Technology For Successful Aging Shown At White House Conference

12/12/05  Portland, Ore.

Scientists with OHSU's ORCATECH will showcase technology for in-home monitoring of mobility, cognition.

At first glance, the blue, plastic container marked with letters representing the days of the week looks like an ordinary pill dispenser many seniors use to keep on schedule with their medication doses.

It is, indeed, a pill dispenser, with its seven individually marked compartments, but that's where its ordinariness ends. When one of the tiny compartments is opened, a signal is sent wirelessly to a computer system that records medications taken. What makes the device truly different is that it is an intelligent system that keeps track of the medications taken and knows when the senior is nearby, reminding him only when the reminder is needed and likely to be effective.

"The data generated by the MedTracker can also be used to recognize if the senior has begun to need more assistance with their medication, and may even be helpful in identifying early memory changes" says Tamara Hayes, Ph.D., assistant professor of biomedical engineering at Oregon Health & Science University's OGI School of Science and Engineering, and lead investigator on the MedTracker project.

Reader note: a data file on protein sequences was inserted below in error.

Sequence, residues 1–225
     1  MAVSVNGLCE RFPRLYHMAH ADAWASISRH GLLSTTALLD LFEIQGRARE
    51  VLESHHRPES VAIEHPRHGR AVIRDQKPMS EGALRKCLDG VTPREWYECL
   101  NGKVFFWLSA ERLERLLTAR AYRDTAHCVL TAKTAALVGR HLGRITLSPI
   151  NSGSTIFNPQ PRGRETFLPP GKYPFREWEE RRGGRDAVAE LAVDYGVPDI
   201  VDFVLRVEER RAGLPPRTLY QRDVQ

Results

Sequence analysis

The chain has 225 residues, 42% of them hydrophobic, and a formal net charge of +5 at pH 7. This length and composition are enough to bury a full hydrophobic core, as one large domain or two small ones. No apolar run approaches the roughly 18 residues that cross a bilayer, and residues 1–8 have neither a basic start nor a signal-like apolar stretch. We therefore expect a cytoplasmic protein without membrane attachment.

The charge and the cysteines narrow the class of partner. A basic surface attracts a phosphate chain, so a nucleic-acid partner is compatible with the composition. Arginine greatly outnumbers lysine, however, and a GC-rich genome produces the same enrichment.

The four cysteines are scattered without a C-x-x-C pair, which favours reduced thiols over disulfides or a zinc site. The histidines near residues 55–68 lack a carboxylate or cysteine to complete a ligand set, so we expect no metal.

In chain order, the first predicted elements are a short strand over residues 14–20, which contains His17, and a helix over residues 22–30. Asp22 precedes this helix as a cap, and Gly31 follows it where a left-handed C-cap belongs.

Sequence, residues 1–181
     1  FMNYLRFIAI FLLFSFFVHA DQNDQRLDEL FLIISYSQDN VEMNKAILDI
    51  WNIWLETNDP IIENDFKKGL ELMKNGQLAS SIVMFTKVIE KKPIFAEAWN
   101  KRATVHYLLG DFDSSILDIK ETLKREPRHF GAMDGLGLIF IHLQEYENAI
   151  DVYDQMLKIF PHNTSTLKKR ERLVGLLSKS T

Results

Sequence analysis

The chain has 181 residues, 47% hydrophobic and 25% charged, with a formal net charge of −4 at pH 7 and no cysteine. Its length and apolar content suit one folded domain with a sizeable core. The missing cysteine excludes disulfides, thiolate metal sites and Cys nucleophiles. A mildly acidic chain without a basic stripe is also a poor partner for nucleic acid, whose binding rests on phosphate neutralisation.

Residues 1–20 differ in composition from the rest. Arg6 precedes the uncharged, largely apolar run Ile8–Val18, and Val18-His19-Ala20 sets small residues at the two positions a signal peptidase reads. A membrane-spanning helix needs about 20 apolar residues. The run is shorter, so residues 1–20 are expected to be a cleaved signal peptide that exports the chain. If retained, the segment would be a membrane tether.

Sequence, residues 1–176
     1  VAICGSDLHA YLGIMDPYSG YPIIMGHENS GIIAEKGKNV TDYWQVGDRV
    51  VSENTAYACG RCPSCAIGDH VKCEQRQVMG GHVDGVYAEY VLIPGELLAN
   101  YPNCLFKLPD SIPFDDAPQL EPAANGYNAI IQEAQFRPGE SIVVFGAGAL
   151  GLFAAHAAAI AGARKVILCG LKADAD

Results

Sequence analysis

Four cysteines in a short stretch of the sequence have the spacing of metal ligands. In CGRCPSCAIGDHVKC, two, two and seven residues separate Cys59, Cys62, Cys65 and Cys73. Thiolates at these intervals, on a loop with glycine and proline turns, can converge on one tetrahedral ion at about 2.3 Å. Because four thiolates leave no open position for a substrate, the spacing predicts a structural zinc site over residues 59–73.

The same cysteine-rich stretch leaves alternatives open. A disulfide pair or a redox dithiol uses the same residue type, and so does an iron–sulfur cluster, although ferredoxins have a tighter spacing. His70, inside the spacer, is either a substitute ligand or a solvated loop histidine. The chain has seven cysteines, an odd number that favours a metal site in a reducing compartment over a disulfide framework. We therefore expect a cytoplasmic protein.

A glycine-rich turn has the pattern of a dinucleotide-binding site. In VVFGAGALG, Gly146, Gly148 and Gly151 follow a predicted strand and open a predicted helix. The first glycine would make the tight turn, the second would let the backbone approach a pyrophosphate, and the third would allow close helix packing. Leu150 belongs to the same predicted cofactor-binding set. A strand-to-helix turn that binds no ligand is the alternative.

The intelligent MedTracker pill box is one of a handful of innovative devices OHSU researchers are developing to unobtrusively monitor how seniors go about their day-to-day lives in their homes. The technologies are an important part of the research being conducted within the National Institutes of Health-funded center ORCATECH, or Oregon Roybal Center for Aging & Technology.

ORCATECH, a collaboration of academic, industry and community partners, is researching and developing technology to assess how seniors function in their home environment. The goal is to help them maintain their independence, and optimize their health and quality of life, by discretely collecting data for intelligent computing systems that can detect changes in health long before they would affect the quality of life of the elders and their caregivers. The ultimate goal is for the integrated intelligent systems to use the information for health coaching, to encourage physical and mental exercise, and for delivery of health care. The future success of this technology is based on adapting to each individual's situation.

The technology research is done within ORCATECH's Point of Care Laboratory. The Point of Care Laboratory, directed by Misha Pavel, Ph.D., professor of biomedical engineering at the OGI School of Science and Engineering, is located at OHSU's West Campus in Hillsboro. Scientists there are creating unique artificial intelligence algorithms that combine information from a variety of sensors and tracking devices placed throughout the homes of seniors, to assess situations in which mobility or cognition problems may be occurring, and to provide intervention and health coaching to seniors to assure their health care needs are being met. "Our goal is to allow people to live longer, healthier and higher quality lives in their own homes," Pavel said.